Journal of Functional Programming

Articles

Shifting the stage

Staging with delimited control

YUKIYOSHI KAMEYAMAa1, OLEG KISELYOVa2 and CHUNG-CHIEH SHANa3

a1 Department of Computer Science, University of Tsukuba (e-mail: kameyama@acm.org)

a2 Monterey, CA, USA (e-mail: oleg@okmij.org)

a3 Cornell University (e-mail: ccshan@post.harvard.edu)

Abstract

It is often hard to write programs that are efficient yet reusable. For example, an efficient implementation of Gaussian elimination should be specialized to the structure and known static properties of the input matrix. The most profitable optimizations, such as choosing the best pivoting or memoization, cannot be expected of even an advanced compiler because they are specific to the domain, but expressing these optimizations directly makes for ungainly source code. Instead, a promising and popular way to reconcile efficiency with reusability is for a domain expert to write code generators.

Two pillars of this approach are types and effects. Typed multilevel languages such as MetaOCaml ensure safety and early error reporting: a well-typed code generator neither goes wrong nor generates code that goes wrong. Side effects such as state and control ease correctness and expressivity: An effectful generator can resemble the textbook presentation of an algorithm, as is familiar to domain experts, yet insert let for memoization and if for bounds checking, as is necessary for efficiency. Together, types and effects enable structuring code generators as compositions of modules with well-defined interfaces, and hence scaling to large programs. However, blindly adding effects renders multilevel types unsound.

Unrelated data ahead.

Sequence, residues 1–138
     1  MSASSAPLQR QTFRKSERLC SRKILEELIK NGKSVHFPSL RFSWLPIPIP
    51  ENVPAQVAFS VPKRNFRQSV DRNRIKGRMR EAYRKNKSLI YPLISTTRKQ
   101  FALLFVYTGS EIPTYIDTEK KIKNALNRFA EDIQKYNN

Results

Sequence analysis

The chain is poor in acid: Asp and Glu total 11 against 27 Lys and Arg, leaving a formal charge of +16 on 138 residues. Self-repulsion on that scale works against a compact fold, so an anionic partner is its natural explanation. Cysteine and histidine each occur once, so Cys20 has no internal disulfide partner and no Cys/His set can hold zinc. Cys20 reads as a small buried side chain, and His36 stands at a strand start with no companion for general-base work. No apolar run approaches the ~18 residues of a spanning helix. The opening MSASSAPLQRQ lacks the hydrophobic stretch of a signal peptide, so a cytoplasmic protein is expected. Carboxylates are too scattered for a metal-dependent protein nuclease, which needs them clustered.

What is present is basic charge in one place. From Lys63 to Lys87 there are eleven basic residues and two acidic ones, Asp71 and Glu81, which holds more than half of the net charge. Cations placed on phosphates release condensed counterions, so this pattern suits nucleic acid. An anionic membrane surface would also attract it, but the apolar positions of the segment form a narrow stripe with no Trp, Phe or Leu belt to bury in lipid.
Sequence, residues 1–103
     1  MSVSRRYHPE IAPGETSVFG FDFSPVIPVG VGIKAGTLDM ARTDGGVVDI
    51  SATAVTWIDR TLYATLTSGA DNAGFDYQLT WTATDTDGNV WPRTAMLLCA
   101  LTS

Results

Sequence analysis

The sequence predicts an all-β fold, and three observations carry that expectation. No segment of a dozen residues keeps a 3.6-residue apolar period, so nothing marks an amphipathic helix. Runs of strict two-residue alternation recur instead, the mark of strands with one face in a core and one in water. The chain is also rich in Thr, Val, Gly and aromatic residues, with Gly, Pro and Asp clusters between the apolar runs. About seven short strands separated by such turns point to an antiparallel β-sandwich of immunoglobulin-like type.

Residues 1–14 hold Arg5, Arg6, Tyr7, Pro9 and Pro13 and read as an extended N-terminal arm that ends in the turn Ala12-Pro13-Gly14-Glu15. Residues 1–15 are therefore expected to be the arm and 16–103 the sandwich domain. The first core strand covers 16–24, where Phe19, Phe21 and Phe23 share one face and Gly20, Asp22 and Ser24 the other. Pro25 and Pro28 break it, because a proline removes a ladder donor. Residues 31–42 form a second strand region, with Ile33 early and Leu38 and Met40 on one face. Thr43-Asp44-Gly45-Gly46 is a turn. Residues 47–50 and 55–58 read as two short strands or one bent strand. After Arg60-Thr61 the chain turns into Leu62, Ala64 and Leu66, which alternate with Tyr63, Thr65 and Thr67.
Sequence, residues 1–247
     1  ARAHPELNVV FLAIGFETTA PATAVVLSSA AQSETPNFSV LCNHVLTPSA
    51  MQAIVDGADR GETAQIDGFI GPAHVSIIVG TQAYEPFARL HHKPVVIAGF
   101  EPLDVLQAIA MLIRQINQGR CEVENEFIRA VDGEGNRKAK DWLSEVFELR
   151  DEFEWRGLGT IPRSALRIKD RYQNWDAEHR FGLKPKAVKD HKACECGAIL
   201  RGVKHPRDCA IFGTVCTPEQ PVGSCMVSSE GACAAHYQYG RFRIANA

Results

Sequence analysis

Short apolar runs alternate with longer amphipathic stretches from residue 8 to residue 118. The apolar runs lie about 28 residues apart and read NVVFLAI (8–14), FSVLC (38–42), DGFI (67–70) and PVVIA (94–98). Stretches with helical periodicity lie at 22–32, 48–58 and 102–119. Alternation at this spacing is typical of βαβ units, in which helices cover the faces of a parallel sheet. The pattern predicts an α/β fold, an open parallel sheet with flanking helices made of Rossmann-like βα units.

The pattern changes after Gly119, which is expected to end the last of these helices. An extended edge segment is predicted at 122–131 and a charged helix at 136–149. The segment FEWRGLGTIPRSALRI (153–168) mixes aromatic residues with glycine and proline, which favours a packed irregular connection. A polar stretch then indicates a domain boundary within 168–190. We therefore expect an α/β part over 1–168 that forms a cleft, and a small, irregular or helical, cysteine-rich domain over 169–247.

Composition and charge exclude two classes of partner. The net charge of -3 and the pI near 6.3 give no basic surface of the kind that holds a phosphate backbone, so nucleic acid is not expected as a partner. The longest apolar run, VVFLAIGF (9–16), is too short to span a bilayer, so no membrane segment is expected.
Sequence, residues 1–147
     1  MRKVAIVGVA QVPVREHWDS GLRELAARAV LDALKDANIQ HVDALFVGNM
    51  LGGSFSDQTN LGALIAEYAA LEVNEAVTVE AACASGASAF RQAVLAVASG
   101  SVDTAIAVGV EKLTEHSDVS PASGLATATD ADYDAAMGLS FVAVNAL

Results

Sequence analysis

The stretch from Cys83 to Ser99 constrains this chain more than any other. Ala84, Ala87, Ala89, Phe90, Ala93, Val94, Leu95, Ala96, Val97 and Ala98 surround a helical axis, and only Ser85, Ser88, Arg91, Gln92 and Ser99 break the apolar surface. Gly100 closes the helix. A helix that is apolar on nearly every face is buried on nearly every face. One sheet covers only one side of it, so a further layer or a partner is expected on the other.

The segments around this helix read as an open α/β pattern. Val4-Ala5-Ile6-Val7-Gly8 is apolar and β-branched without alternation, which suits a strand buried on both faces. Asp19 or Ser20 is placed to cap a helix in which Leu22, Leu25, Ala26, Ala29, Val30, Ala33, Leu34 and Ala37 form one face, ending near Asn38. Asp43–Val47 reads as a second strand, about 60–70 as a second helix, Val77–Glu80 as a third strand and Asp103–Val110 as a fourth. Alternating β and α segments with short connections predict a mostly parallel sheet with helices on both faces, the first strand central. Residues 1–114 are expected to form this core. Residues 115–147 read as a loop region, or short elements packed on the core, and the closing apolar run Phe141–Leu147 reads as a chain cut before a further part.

We introduce the first multilevel calculus with control effects and a sound type system. We give small-step operational semantics as well as a one-pass continuation-passing-style translation. For soundness, our calculus restricts the code generator's effects to the scope of generated binders. Even with this restriction, we can finally write efficient code generators for dynamic programming and numerical methods in direct style, like in algorithm textbooks, rather than in continuation-passing or monadic style.